A tragic day…


A tragic day…

Many professors — including myself — assign an obit assignment to students where they write about the lives of one of their classmates. Though they find the exercise a bit macabre at first, they soon get into it, imagining their lives as famous journalists, activists or artists — and surrounded by dozens of adoring grandchildren when they die happily at 105.

The point is that an obituary is simply a profile, but one where the subject can’t return phone calls. A news obit — as opposed to a death notice, which is a paid advertisement often paid by a mortuary — chronicles the notable goings on in a person’s life, good and bad. If someone is famous, it’s nearly certain that something controversial, ugly or untoward happened in that life, and a good obit does not shy away from those facts.

Moses Shumow

Of course, this is also why one is not supposed to write about one’s friends, either as an obit or a news story of any kind. It creates a conflict of interest: either you dig deeply into that person’s life, come what may, and risk damaging that friendship, or you compromise the reporting and potentially sugarcoat issues out of squeamishness or fidelity to your friend’s honor. Either way, it’s not good, though if you ask, most non-journos would say it’s beyond weird one would even THINK of writing badly about the dead and extremely off-putting to consider digging into the past of a friend who died.

But there is at least a partial way out: transparency. If you are upfront with your readers about your relationship, then readers can decide for themselves how much to trust your inevitably laudatory words. This was the dilemma I had when writing the obit of my friend and former college, Moses Shumow, who died on an average workday after being hit by a commuter train in Boston. The shock to my colleagues — and to myself — was nearly incalculable, but it was that it was undeniably newsworthy. Within hours of the accident, nearly a dozen stories had been written, and I felt it necessary that the voices of those who knew him at FIU needed to be part of that record.

Fortunately, I was able to write it for Miami New Times, which provided me with a fair amount of freedom to write it as a mix of a reported and first-person piece. In that way, I didn’t need to pretend I was somehow uninvolved in this tragedy, but could still allow the voices of his friend, colleagues and family to have their say in a manner they wouldn’t have had otherwise. Below is an excerpt, but click here for the full piece:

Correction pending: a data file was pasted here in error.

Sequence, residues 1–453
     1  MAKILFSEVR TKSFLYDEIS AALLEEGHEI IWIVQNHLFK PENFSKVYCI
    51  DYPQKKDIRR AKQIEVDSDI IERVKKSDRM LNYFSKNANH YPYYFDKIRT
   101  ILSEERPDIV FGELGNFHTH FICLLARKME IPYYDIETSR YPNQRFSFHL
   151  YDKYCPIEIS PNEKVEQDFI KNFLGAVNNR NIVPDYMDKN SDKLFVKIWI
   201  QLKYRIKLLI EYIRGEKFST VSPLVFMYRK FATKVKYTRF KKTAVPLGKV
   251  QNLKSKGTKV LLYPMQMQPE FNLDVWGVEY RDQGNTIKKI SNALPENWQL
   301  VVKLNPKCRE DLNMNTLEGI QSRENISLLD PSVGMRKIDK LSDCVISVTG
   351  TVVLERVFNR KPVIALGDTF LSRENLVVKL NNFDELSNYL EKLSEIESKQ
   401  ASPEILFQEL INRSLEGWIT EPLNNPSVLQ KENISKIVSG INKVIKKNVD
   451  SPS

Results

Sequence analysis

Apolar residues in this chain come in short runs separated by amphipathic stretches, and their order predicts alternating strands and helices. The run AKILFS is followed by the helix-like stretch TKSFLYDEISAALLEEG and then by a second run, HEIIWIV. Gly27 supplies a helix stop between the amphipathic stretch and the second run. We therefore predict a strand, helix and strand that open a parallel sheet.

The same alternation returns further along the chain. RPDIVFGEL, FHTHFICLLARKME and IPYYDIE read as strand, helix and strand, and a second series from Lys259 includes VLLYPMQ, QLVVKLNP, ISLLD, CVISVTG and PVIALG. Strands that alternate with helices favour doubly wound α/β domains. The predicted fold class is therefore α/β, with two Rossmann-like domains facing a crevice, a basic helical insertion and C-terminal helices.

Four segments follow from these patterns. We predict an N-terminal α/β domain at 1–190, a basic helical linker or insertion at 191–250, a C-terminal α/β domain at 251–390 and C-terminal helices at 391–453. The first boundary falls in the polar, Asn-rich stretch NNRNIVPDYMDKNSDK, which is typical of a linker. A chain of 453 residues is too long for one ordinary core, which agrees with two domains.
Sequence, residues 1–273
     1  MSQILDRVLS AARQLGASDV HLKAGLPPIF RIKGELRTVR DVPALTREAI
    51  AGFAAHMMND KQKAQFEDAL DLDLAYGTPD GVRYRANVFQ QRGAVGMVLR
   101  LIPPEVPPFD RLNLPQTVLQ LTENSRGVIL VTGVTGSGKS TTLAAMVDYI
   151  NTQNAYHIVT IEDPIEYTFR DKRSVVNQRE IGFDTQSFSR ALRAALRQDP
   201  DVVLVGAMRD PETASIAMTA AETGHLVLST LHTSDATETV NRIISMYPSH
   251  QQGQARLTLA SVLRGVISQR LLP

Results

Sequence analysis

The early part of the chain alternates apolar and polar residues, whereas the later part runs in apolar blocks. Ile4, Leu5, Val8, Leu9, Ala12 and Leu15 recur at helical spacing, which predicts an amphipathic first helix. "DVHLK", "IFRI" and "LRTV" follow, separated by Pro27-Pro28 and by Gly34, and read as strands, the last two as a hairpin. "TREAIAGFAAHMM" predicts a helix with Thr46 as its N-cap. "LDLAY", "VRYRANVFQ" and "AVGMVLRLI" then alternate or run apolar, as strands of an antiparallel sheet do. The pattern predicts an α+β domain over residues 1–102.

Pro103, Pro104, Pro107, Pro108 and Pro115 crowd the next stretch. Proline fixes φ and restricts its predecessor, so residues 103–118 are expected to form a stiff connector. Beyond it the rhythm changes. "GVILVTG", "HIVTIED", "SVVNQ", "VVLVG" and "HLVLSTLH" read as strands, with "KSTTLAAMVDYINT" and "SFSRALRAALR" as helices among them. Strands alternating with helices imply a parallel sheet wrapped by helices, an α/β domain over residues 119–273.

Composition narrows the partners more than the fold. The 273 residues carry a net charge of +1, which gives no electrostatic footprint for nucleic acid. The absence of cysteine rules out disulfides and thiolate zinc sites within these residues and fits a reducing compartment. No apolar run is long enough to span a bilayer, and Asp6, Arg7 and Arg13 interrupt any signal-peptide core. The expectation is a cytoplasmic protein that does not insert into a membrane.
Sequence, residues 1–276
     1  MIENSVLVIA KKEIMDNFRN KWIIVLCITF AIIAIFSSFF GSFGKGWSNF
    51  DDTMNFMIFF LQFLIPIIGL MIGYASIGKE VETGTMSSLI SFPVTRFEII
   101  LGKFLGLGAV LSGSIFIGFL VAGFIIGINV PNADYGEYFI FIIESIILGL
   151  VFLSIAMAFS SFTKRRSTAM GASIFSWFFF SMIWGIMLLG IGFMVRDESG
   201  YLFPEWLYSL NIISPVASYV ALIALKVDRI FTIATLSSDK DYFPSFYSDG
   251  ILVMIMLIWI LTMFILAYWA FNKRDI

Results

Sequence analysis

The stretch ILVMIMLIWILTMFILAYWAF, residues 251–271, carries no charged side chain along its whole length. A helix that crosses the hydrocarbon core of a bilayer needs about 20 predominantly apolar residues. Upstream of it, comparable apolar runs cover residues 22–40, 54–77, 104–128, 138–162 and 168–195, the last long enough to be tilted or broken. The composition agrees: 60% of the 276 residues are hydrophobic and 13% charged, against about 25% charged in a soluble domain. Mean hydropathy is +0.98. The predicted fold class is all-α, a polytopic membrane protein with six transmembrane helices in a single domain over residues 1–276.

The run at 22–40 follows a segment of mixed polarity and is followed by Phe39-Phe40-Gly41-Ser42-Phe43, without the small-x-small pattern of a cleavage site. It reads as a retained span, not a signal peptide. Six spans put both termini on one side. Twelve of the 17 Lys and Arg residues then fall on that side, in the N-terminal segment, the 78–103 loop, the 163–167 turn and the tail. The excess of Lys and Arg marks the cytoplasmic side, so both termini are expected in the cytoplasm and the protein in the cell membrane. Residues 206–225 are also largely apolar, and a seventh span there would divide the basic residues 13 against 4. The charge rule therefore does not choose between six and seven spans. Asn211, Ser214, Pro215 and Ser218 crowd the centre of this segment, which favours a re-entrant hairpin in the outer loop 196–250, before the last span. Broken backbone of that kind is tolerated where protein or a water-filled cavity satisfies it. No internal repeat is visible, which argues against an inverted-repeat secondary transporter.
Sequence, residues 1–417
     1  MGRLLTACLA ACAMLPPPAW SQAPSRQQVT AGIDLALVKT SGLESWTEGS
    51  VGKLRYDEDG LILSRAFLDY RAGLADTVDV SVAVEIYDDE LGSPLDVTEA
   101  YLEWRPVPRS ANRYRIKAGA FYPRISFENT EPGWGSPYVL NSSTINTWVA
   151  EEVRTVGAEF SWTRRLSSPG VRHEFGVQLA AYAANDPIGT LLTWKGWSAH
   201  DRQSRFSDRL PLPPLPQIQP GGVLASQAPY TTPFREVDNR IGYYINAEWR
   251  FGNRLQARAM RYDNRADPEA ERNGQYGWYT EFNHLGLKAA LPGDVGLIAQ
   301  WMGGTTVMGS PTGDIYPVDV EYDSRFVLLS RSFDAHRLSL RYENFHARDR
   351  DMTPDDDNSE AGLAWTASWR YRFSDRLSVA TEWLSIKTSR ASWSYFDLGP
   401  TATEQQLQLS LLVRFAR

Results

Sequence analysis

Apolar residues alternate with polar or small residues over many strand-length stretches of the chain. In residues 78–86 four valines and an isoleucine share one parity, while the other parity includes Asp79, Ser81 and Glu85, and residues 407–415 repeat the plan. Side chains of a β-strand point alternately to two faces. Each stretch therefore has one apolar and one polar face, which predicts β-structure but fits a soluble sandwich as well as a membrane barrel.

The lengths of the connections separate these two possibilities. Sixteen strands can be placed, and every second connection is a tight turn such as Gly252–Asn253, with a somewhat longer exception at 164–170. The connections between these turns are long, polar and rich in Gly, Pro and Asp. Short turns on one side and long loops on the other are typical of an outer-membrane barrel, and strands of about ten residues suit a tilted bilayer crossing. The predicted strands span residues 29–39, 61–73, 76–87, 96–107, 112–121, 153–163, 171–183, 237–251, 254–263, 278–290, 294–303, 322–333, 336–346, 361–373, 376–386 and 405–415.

Moses Shumow had the office next to mine at Florida International University. A tenured professor and the driving force behind our digital program, he had a breadth and depth of knowledge about journalism education and FIU politics that was immensely helpful in my transition from an editor at the Los Angeles Times to the occasionally Byzantine world of academia.

Despite the heavy burdens of his workload and the fact he had a desperately ill child, he was rarely without a laugh or his apparently trademarked smile. I often marveled that he took on the struggles of his life with more joy than people with even a tenth of his challenges.

So I was saddened when he announced last spring that he was leaving us to take a job at Emerson College in Boston. It was a huge loss for the school, as he was constantly pushing our students to master the skills they would need to succeed as journalists in this Wild West industry of ours.

And it was a slap-in-the-face shock when I received a note from a long-dormant WhatsApp group of my former students that he died Tuesday after being struck by a train in a Boston suburb. Shumow, age 42, was riding his bicycle in Beverly, Massachusetts when he was hit by a commuter train on a pedestrian cut-through near the station, according to Massachusetts Bay Transportation Authority Transit police. He was taken to a hospital where he later died.

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